The European Commission has released an Action Plan on Sustainable Finance, meant to formalise the European Union’s ambition. This is the executive body’s official response to the Final Report of the High Level Expert Group on Sustainable Finance, which has sought to operationalise the ambitions of the Paris Agreement and the Sustainable Development Goals into a concrete legislative roadmap.

ShareAction warmly welcomes the Commission’s ambitious agenda, which is testament to the fact that the European Union is committed to re-engineering its financial system in order to channel the flow of private capital towards sustainable investments. In particular, we applaud the Commission’s decisiveness in announcing its intention to legally clarify the duties of institutional investors and asset managers in relation to sustainability, as well as to ensure greater transparency towards end investors.

ShareAction also welcomes the increasing focus on the social dimension of sustainable finance. Initiatives such as the intention to create a sustainable taxonomy, instead of a green taxonomy, show that the Commission has been receptive to the feedback of stakeholders, including ShareAction, who have called for a rights-based approach to sustainable finance. Nonetheless, we are concerned that the Commission’s approach of starting with “climate first” in its development of the taxonomy creates an illusion that human rights considerations are somehow disconnected from climate risk mitigation and the achievement of wider environmental goals. This is particularly the kind of siloed thinking that the Commission should be seeking to discourage if financial markets are to truly contribute to the creation of fair, resilient and inclusive societies.

Bethan Livesey, Head of Policy at ShareAction, says: “ShareAction’s work over the past 10 years has centered around the conviction that a truly resilient and fair economic system is predicated on a financial system that is accountable to ordinary savers. While not a silver bullet, we share the Commission’s ambition that legal clarification that ESG factors form part of investors’ duties is a key lever which can aid a shift towards long-termism.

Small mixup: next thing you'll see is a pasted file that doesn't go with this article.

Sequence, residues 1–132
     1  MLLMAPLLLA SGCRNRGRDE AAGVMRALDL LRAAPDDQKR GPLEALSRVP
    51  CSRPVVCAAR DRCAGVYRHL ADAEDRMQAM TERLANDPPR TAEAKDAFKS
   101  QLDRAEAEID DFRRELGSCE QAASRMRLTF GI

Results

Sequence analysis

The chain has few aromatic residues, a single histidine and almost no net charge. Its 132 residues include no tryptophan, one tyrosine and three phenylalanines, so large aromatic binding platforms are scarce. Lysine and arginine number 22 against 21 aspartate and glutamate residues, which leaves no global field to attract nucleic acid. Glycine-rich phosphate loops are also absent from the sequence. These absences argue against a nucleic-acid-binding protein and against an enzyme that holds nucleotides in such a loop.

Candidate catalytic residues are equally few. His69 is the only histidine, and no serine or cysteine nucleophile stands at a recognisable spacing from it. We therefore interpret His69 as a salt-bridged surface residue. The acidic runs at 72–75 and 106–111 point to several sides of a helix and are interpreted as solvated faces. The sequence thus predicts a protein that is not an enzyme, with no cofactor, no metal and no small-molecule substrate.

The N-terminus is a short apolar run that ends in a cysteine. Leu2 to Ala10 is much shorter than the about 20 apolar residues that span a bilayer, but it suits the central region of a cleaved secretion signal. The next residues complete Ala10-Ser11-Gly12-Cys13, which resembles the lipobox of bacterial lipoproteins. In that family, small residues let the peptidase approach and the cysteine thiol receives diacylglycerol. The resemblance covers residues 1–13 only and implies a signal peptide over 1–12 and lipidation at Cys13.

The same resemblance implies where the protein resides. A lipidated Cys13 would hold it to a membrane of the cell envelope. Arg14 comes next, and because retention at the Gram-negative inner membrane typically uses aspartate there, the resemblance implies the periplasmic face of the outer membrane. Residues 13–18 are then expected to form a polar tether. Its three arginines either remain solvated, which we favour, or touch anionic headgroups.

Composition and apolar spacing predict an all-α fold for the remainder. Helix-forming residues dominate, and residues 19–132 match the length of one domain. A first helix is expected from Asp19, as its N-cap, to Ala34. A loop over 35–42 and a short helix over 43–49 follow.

“It is now up to the Commission to ensure that a legislative proposal on the matter will give clear guidance to investors on how to go about discharging these duties: it is not simply a matter of constructing sustainable portfolios. Embedding sustainability and accountability in investors’ duties requires new approaches to understanding and defining risk, interacting with beneficiaries, disclosure, and design of stewardship strategies. It involves nothing short of imprinting this thinking in the DNA of all investment functions. In particular, the Commission should seek to specify that considering non-financial interests of clients and beneficiaries, including ethical considerations, does not constitute a breach of fiduciary duty”.

Eleni Choidas, Senior EU Affairs Officer at ShareAction, added: “Laudable work has been achieved in embedding sustainability in EU financial regulation, notably through the IORPS II directive. Especially when considering the long-term liabilities of pension fund beneficiaries, this was a significant win. Nonetheless, the HLEG has correctly identified that stronger clarification is needed in order to ensure that pension funds and other investors, as well as their managers and delegates, operate on a level-playing field. We need to ensure that regulation creates the correct incentives for investors to properly embed sustainability in their duties, including through amending prudential, reporting and accounting frameworks, as well as by allowing end-investors means to hold their trustees and providers to account on how their money is invested”.

ShareAction, together with the Business and Human Rights Resource Centre, recently organised a roundtable at the European Parliament which focused precisely on the need to ensure human rights considerations are embedded across the Commission’s initiatives from the outset.


Notes to editors:

  • For more information, please contact Eleni Choidas at
  • At the One Planet Summit, held in Paris in December 2017, Vice-President Dombrovskis officially announced the Commission’s intention of putting forth a legislative proposal to clarify investors’ duties as those relate to sustainability.
  • This announcement came as a result of the work of the High Level Expert Group on Sustainable Finance, which included this proposal in its Interim Report of July 2017.
  • Following the release of the Final Report of the High Level Expert Group, which reaffirmed this intention, the Commission is now seeking to provide statutory clarification on the topic, centered around two considerations: the need to ensure ESG risks are systematically accounted for in investment decision-making, as well as the need for increased transparency towards end-investors.